When I was young, a special treat was a family meal at a Chinese restaurant in a neighboring town. I can’t remember whether chopsticks were available, but we certainly ate with a knife and fork and/or spoon. As time went by, more Australians began to use chopsticks. The first I can remember is my oldest sister’s then-boyfriend now-husband. Over the years I ate in a number of Asian restaurants, but always thought that chopsticks were too complicated.

From 2003 to 2006 I sang in one particular church choir in Sydney. We often adjourned to a nearby Chinese restaurant for Sunday lunch. Most of them used chopsticks and I always felt slightly embarrassed (with regard to them and the Chinese staff) asking for a knife, fork and spoon.

Then one day I noticed that everyone was holding their chopsticks slightly differently, so I figured that there was no One Right Way, picked up a pair, started eating and got through most of a Chinese meal the first time. A few days later I got through a plate of Malaysian fried rice.

I came to Korea for the first time in 2006, and impressed a number of people with my ability to use chopsticks. Maybe I was the first foreigner they’d seen use chopsticks, maybe I was the first foreigner they’d eaten with, maybe I was the first foreigner they’d met.

Later, I worked at a government high school, and the staff ate in a small cafeteria. One day at lunch  a colleague said to me ‘Mr [surname], you look Korean’. I tried to think which of my Caucasian facial features might pass as Korean. He continued ‘You use chopsticks’. I thought that there’s more to looking Korean than that.

One of my colleagues had a strange way of using chopsticks. She was left-handed, and left-handed people using chopsticks look slightly awkward at the best of times, but she held them vertically downwards and very close together, and I was amazed that she got any food at all. I later noticed that one of my wife’s nieces was also left-handed and used chopsticks in the same way. My wife said that she (the niece) had eaten like that since she was a child.


Like this, but closer together, and left-handed. Obviously enough people do it for there to be a graphic telling them not to. (Wikipedia)

There are major differences between Chinese and Korean chopsticks. Chinese people (or Chinese restaurants) use plastic chopsticks. The eating end is round and relatively big, and the holding end is sometimes round (and bigger than the eating end) and sometimes square (with a smooth transition between the round and the square). Plastic chopsticks are obviously a 20th century innovation.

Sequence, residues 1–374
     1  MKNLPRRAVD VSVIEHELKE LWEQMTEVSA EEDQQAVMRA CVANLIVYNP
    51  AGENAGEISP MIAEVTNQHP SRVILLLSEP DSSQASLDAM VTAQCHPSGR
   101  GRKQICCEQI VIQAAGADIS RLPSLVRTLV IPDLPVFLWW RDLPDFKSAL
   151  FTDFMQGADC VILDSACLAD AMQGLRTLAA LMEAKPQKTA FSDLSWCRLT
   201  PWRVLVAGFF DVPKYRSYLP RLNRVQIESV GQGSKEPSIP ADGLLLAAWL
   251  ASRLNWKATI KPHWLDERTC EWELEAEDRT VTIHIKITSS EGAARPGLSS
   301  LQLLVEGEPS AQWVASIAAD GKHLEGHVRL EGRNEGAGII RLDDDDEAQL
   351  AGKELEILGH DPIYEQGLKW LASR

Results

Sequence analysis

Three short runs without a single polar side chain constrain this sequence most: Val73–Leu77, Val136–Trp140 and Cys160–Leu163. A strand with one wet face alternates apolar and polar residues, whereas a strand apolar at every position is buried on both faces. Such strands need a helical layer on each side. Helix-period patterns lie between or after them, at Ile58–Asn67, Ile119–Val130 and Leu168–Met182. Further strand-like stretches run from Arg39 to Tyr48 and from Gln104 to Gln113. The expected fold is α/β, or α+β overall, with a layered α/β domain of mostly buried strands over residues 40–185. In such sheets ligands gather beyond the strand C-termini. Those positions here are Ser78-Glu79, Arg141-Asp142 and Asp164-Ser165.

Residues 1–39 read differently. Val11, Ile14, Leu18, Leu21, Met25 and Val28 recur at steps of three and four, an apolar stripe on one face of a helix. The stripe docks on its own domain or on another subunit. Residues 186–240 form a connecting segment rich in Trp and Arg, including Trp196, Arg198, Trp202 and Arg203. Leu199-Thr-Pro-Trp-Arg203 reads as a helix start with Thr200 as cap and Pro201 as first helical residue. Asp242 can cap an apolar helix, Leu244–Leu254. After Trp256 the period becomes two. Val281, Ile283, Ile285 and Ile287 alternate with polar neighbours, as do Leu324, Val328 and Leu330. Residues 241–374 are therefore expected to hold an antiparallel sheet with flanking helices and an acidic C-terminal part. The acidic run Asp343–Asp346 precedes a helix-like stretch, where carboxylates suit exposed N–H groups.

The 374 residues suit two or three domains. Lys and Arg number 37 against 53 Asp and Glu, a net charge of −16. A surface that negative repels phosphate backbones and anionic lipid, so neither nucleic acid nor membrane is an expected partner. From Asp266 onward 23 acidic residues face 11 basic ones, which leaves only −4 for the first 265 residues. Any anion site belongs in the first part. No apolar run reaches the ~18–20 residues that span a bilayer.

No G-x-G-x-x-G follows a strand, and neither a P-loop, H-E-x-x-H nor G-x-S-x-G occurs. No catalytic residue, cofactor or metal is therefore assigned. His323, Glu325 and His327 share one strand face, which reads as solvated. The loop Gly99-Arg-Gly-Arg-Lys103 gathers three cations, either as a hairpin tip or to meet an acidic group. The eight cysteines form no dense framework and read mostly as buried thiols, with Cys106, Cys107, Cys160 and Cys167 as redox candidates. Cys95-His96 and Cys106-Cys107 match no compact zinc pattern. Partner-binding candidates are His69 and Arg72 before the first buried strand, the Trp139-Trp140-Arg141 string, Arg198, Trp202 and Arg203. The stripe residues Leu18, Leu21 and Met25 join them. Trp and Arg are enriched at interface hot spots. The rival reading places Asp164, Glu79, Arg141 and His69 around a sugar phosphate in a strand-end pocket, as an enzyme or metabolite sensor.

There are at least three kinds of chopsticks used in Korea. The most common is metal, and considerably flat – the cross-section is rectangular. The smaller dimension remains constant throughout, while the bigger dimension tapers from the holding end to the eating end. This may also be a 20th century innovation – metalwork did exist in Korea, but was not an important part of culture. The second is  the cheap, wooden disposable kind (developed in Japan, I think) often used with takeaway food. These come in one piece but can be pulled apart reasonably easily. They are also flat and tapered. The third kind is of higher quality wood, are round throughout and quite pointed at the eating end.

Koreans seem to have no difficulty changing from one to the other. The same basic holding and manipulation are used for each. I prefer the metal kind, if only because I use them more often.


Taiwanese melamine chopsticks, Chinese porcelain chopsticks, Tibetan bamboo chopsticks, Vietnamese palmwood chopsticks, Korean stainless flat chopsticks with matching spoon [spoons are often longer and rounder, which I find awkward], Japanese couple’s set (two pairs), Japanese child’s chopsticks, and disposable “waribashi” (in wrapper) (Wikipedia)


2 thoughts on “Chopsticks

  1. I really don’t like the takeaway sort… mostly because I can never get them to split evenly, I think, and I’m always afraid of getting splinters. Every time I get takeaway (which isn’t often), I think to myself, “I really must put a pair of chopsticks in my bag…”

    There’s a Korean food shop at the end of the street my uni’s on which I go to sometimes, and I always just take at back to uni and use the plastic Chinese-style chopsticks we have there rather than take wooden ones from the shop (there are plastic forks and spoons there, too).

    Sometimes it’s interesting to get Korean or Chinese takeaway here to see what cutlery they offer you. Some ask which you would prefer; some automatically give me a plastic fork because I’m white and then I’ll take a pair of disposable chopsticks (there are some foods I just can’t process in my head eating not with chopsticks). Sometimes the workers look so surprised to see a white person using chopsticks… I’m not sure why, since I don’t know anyone of my generation who can’t use chopsticks.

    About Koreans not having difficult changing from one sort of chopstick to another – well, that would be like us changing from metal to plastic knives and forks, wouldn’t it? (Minus the problem of plastic knives not being able to cut).

    Also, what’s with “neighbo(U)ring” in the first line?


  2. For no particular reason, I use ‘neighbour’ and ‘nieghbourhood’, but ‘neighboring’. I am allowed to be consistently inconsistent, or even inconsistently inconsistent.


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